Veterans stories make history more alive to students

8.28 last word“All too often, we page-turn through a textbook or other source, and, while we can get a lot out of those sources, the minute we turn to the next chapter, the previous one seems to fade away. Having real people in the classroom telling their story really seemed like the most logical way to snap out of that mentality and make history more alive.”

— Sairah Ahmed, High School History Teacher, Cedar Springs, Mich.

U.S. Marine Corps veteran Chuck Smith and U.S. Army veteran Tom Hoskins shared stories about their time in service to juniors at their alma mater, Cedar Springs High School in Michigan, captured in a article.

Smith talked about the loss of a former classmate who was drafted and killed in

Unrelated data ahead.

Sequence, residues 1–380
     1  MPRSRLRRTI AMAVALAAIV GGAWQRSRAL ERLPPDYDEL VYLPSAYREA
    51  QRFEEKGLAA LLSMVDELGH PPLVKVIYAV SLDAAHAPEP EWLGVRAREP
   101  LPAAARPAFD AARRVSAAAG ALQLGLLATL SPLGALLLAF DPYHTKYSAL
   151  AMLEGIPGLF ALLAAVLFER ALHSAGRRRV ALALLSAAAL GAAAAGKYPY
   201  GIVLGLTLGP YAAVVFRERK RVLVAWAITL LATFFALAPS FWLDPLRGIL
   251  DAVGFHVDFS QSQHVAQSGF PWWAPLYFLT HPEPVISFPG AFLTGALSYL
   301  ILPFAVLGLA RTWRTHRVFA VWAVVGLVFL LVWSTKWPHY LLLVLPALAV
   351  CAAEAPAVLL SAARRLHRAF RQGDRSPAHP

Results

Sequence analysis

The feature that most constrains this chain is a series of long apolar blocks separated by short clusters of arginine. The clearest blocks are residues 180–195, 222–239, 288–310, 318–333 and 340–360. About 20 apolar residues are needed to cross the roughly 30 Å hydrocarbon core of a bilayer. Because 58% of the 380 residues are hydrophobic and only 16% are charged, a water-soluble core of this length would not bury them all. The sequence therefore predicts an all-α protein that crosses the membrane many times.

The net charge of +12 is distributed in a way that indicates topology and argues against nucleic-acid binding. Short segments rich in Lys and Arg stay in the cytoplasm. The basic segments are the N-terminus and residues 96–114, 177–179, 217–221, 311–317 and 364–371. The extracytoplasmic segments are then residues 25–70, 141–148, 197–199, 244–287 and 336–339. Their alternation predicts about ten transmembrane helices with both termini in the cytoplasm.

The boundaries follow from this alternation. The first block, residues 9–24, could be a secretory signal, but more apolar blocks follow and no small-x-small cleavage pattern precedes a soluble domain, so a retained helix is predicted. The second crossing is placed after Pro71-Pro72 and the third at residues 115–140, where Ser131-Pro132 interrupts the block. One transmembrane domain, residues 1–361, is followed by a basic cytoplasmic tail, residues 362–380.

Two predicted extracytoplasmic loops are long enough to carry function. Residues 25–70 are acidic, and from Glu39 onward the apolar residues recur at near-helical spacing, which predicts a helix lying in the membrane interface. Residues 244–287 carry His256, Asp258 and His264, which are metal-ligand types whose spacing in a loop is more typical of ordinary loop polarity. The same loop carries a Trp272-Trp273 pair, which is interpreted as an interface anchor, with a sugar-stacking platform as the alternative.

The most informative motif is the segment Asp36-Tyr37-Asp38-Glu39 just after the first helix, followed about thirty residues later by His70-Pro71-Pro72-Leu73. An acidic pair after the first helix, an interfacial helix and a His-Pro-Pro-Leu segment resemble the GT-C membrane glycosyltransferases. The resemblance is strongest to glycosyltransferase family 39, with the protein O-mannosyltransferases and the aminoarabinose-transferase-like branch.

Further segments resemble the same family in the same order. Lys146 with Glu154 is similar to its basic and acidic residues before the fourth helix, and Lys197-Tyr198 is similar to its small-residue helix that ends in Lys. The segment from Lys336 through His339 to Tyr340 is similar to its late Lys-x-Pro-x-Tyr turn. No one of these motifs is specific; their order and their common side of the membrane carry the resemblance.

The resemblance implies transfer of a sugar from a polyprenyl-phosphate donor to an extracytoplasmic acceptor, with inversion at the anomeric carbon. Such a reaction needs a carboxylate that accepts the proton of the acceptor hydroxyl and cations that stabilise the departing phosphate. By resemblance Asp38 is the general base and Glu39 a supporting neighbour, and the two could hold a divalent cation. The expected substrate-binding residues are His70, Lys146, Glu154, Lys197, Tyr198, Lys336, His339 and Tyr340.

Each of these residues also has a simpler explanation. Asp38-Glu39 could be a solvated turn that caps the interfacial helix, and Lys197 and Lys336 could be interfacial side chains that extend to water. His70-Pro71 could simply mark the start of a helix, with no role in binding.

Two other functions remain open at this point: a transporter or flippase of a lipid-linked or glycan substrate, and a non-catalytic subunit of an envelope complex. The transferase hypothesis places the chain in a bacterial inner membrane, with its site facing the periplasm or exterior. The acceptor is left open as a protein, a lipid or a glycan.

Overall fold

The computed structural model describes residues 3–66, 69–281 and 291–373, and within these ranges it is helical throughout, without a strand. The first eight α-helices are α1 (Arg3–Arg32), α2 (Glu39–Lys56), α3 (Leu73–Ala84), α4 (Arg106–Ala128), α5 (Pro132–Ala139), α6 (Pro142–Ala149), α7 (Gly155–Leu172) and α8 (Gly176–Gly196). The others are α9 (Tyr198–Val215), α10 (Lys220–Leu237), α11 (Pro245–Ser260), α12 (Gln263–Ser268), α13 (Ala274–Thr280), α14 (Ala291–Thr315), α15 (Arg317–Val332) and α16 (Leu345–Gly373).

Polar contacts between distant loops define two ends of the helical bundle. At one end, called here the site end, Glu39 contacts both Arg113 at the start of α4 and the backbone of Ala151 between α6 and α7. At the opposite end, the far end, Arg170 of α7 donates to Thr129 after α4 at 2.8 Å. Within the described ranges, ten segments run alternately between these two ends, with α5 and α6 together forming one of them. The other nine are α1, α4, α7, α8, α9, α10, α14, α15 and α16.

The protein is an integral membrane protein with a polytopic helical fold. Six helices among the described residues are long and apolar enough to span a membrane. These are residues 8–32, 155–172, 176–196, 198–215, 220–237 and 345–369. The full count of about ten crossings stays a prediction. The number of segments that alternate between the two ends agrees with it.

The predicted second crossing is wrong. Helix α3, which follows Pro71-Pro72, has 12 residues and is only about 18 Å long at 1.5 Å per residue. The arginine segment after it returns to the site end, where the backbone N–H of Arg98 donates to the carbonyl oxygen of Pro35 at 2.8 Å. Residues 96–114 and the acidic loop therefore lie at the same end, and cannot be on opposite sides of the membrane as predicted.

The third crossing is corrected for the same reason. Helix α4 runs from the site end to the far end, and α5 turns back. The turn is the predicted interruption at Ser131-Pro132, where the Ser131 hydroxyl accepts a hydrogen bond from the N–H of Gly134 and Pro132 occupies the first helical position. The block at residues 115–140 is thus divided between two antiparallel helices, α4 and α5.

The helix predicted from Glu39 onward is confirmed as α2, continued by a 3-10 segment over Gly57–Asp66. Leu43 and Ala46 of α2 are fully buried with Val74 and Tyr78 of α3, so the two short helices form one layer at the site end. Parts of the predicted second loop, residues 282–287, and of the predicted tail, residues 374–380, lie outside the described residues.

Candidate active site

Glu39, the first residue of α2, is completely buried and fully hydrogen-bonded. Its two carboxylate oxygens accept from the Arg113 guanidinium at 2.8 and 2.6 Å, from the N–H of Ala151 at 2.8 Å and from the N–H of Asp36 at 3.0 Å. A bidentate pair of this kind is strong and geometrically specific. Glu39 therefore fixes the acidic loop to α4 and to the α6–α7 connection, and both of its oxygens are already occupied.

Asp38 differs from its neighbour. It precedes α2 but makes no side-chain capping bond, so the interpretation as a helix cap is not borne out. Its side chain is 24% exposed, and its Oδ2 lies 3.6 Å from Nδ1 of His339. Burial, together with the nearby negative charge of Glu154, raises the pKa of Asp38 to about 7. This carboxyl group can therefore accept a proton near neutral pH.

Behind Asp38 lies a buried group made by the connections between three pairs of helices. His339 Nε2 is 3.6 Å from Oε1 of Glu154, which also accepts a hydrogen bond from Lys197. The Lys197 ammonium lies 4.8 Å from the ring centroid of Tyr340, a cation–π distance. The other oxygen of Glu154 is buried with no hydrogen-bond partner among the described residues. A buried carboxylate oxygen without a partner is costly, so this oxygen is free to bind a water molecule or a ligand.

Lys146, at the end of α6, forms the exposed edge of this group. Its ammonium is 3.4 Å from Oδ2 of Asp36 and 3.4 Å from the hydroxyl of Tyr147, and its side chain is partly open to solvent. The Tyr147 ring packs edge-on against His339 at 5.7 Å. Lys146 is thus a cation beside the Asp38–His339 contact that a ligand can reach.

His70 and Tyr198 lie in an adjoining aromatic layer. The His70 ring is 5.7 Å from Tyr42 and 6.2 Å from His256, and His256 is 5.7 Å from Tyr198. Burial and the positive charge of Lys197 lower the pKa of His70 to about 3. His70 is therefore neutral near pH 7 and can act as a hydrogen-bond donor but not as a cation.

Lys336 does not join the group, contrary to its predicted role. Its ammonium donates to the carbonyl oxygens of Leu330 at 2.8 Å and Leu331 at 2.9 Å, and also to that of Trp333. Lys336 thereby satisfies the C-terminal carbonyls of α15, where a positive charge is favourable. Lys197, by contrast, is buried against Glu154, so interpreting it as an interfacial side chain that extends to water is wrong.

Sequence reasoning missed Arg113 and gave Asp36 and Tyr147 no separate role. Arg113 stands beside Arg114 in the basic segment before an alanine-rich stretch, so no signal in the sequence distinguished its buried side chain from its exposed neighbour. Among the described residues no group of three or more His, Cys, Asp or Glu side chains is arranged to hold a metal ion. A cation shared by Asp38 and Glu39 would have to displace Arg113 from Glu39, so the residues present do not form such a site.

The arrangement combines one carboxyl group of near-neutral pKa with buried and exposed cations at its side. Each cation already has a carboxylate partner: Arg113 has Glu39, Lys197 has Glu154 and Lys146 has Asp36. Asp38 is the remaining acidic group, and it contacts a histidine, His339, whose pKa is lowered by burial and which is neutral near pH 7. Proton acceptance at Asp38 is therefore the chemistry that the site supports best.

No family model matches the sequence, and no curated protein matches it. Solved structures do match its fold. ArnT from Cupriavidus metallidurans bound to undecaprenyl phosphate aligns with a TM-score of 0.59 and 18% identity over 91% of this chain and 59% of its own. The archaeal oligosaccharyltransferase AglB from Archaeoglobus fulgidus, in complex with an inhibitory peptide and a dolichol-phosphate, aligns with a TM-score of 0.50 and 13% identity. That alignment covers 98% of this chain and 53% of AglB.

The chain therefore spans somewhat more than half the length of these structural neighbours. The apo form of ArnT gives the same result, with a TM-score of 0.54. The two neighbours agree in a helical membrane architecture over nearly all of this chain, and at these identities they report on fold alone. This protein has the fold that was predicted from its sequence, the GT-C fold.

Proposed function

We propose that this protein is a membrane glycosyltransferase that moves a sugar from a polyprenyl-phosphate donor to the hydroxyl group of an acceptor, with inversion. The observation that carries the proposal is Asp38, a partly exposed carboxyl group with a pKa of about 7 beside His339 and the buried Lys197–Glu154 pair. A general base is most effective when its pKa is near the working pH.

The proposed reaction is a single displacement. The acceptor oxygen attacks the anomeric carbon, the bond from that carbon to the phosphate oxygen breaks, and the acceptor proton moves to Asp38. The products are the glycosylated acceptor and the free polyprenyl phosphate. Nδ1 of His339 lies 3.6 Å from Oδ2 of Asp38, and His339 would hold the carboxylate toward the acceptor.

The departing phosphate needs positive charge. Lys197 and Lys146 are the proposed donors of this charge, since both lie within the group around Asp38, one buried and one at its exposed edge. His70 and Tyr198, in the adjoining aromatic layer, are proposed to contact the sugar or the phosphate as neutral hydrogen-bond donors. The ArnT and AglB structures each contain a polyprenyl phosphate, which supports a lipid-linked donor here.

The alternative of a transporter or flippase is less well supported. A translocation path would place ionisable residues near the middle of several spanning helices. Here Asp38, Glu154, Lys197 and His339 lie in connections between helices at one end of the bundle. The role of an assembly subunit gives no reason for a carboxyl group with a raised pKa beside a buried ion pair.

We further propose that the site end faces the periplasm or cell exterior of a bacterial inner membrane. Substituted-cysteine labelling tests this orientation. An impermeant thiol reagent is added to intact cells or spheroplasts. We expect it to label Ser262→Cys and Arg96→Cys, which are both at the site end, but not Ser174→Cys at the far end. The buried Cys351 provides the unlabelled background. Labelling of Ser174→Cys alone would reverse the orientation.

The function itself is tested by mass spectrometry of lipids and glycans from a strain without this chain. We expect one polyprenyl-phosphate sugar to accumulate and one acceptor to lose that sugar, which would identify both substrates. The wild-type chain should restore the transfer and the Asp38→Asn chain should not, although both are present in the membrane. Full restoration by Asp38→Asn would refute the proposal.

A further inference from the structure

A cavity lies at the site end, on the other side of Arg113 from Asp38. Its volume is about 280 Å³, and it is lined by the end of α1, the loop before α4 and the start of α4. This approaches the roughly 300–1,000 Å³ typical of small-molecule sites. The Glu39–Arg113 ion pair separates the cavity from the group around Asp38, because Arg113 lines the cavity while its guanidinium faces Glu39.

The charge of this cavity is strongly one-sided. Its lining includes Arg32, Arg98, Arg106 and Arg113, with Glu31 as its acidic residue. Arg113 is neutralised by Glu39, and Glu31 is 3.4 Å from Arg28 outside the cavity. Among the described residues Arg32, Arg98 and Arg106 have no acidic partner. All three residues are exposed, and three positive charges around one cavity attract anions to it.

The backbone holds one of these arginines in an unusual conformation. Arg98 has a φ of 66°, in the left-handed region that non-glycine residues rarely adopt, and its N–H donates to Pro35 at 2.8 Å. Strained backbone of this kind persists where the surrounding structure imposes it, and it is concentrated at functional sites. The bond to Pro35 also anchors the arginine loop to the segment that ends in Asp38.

Vietnam. “Trying to put things into perspective for you, he graduated in ’67, and was killed in ’67. You guys are juniors and seniors … 16, 17, 18 years old.

He wasn’t much older,” Smith said.

“In a battle like that, if you take someone’s life, you leave a little bit of your soul behind on the ground,” said Smith, who celebrated his 20th birthday in the field.

The veterans’ stories offered an opportunity of learning beyond textbooks for many of Ahmed’s students, who heard the heart and purpose of why we study history.

Veterans in Community Schools — an American Legion Family program embraced by members of the American Legion Auxiliary— brings history to life as local veterans tell students about their experiences in the military. Read more about Veterans in Community Schools here.

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